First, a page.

BAGHDAD — The UN has called on Iraq to conduct an independent investigation into the killings of 34 people at an Iranian opposition base after Iraqi authorities, who authorized a raid on the camp, suggested that the group might have executed its own members.
Wildly conflicting accounts of how the members of the Peoples Mujahadeen Organization of Iran (PMOI) were killed have highlighted the dilemma over the last remaining stronghold of the group invited in by Saddam Hussein and disarmed by the United States.
The United Nations statement issued late Saturday said it expected a commission of inquiry pledged by the Iraqi government to be independent. The commission planned by the government, however, will include prime ministry and Iraqi military officials as well as a cross-section of political parties and is unlikely to meet that requirement, according to Iraqi government officials.
Iraqi government spokesman Ali Dubbagh said earlier this week that some of the dead were likely executed by camp leaders trying to prevent them from leaving.
An advisor to Prime Minister Nouri al Maliki, Saad al Muttalibi, said forensic tests, which included some by US experts, have been completed on the bodies to determine whether a medical teams initial findings had been correct.
They were shot execution-style, Muttalibi told the Monitor. The first medical reports indicated they were shot at very close range _ gunpowder was found on the wounds.
He also said they appear to be have been shot with handguns rather than the rifles used by the Iraqi military.
The UN earlier this week confirmed it had seen 28 bodies in a visit to the camp and knew of six others. It said dozens more had been injured in the operation before dawn on April 8 when Iraqi forces moved in to reclaim part of the huge base 70 miles north of Baghdad.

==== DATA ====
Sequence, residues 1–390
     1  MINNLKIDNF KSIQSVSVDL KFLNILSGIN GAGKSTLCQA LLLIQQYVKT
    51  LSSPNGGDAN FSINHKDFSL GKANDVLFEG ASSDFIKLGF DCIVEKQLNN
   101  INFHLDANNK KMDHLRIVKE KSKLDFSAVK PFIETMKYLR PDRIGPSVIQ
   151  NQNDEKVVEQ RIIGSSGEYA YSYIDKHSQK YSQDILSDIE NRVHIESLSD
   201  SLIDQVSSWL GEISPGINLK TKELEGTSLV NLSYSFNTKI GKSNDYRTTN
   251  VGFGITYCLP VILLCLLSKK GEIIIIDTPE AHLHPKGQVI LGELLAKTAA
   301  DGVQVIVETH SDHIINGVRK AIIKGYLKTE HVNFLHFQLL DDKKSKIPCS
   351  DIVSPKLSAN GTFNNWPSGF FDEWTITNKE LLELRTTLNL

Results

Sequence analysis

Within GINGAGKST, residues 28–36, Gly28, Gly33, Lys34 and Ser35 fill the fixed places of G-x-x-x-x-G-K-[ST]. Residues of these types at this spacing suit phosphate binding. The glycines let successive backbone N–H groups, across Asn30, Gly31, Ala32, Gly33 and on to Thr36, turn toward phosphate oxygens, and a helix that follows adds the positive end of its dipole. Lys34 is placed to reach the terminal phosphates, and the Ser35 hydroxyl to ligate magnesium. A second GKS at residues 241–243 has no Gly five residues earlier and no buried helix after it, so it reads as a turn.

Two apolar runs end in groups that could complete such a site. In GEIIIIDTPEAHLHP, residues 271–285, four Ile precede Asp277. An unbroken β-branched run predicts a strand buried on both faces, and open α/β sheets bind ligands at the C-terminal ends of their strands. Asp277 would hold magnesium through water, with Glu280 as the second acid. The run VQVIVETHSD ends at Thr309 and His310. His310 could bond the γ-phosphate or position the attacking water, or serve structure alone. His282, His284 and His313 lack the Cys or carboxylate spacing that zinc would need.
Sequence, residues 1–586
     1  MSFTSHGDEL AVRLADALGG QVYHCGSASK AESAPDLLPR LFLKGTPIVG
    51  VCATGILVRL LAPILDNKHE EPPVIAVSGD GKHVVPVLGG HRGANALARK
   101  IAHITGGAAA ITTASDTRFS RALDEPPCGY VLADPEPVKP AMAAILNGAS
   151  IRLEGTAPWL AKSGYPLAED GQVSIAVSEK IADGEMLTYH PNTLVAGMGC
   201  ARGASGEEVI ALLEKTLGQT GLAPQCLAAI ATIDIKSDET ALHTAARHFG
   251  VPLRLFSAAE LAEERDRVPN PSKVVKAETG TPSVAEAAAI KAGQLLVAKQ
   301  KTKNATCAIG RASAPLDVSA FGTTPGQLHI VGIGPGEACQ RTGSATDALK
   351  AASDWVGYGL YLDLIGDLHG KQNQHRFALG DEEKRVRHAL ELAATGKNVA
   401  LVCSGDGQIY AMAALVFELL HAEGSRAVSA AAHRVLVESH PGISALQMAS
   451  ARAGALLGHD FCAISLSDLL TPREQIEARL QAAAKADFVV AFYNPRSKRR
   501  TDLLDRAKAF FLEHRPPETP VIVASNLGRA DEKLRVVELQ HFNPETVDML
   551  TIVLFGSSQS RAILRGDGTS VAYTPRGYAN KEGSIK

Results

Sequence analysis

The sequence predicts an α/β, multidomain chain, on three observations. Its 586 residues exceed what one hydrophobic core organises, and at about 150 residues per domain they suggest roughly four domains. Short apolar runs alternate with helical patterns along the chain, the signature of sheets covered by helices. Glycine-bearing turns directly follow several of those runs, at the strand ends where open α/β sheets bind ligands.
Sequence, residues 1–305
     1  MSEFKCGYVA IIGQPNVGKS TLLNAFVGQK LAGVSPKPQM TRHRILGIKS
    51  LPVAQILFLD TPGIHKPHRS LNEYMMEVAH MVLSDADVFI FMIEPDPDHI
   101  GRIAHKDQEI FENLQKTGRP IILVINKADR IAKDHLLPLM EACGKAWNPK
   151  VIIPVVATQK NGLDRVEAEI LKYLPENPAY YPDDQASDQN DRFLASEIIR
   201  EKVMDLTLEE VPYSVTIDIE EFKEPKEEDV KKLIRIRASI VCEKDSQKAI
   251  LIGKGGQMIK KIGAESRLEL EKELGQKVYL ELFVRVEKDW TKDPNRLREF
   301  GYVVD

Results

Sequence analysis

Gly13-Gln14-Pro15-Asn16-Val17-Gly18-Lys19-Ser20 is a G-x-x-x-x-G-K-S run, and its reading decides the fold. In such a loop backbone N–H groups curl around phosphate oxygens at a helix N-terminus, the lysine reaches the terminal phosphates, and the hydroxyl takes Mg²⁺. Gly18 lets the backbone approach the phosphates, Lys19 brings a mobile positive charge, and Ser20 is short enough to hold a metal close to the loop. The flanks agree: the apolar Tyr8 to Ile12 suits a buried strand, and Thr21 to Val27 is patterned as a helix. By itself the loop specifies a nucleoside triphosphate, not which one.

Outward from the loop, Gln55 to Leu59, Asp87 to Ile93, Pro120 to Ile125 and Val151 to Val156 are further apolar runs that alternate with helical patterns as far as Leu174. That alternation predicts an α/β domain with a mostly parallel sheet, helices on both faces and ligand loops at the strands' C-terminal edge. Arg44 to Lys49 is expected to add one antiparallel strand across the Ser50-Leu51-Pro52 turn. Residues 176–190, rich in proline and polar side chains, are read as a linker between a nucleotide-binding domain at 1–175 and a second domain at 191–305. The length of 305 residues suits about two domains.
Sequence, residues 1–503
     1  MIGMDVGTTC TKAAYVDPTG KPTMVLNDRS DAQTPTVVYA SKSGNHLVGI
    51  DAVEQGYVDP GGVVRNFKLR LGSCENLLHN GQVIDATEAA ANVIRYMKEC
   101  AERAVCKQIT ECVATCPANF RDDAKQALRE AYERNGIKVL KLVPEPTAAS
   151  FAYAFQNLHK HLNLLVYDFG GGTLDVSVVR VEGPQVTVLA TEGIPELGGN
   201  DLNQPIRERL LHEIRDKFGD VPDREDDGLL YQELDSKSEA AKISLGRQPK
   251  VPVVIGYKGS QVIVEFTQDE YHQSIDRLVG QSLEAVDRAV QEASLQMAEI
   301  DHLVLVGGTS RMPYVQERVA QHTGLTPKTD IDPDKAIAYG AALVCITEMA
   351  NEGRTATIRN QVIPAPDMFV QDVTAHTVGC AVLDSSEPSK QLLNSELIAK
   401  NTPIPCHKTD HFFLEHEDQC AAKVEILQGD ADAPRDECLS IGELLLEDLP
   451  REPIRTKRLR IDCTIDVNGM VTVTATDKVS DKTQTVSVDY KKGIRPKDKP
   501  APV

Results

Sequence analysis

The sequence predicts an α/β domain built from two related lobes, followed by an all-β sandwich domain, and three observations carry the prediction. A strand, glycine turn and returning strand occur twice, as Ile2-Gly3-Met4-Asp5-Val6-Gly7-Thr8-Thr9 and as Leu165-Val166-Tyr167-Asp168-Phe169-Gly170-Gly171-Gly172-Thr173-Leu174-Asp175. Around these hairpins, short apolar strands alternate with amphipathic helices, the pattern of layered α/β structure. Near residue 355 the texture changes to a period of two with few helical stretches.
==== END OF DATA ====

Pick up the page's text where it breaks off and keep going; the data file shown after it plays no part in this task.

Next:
The UN said in the statement that it had repeatedly urged the Iraqi government to refrain from the use of force.
The Iraqi government initially said three PMOI members had been killed in the military operation and said they were crushed by moving vehicles. It denied that Iraqi soldiers had fired at protestors trying to stop the soldiers from moving into an area that houses the organizations cemetery.
Speaking to reporters taken to Camp Ashraf after the raid but barred from talking to camp members, Iraqi military officials displayed slingshots and homemade weapons they said the PMOI had used to attack Iraqi soldiers. Women, they said, had tried to gouge out the soldiers eyes.
Video released by the group, heavily edited and impossible to verify, appears to show Iraqi soldiers firing weapons as well as armored vehicles crushing some of the demonstrators. Another PMOI video released last week showed rows of bodies, many of them women, wrapped in white sheets and laid out as martyrs on the pavement inside the camp.
Iraqi officials say almost one-third of the more than 3,000 people at Camp Ashraf have foreign passports, including Americans and many Europeans. It was not clear whether they were among the dead. Some diplomats say although 1,000 of the camp residents have ties to countries in the West, the number with foreign passports is much smaller.
The United States considers the PMOI a terrorist organization. While Iraq has made clear it intends to shut down the camp by the end of the year, members of the cult-like organization refuse to leave and other countries are reluctant to take them.
The Iraqi government has been under intense pressure from Iran for years to close the camp.
Camp Ashraf was the main military base of the organization invited by Saddam Hussein into Iraq to launch attacks on Iran in the 1980s. After 2003 they agreed to give up their tanks and artillery in exchange for US protection and the designation of non-combatants while hostilities continued. The US military though handed over the camp to Iraq when it took over responsibility for security throughout the country two years ago.
The United States, which is reluctant to publicly criticizing Iraqi authorities, has said it is concerned by the report of the deaths.
(Arraf is a staff writer for the Christian Science Monitor in Baghdad. McClatchy and the Monitor operate a joint bureau in the Iraqi capital.) MORE FROM MCCLATCHY Worst bombing in Iraq in months claims at least 60 lives
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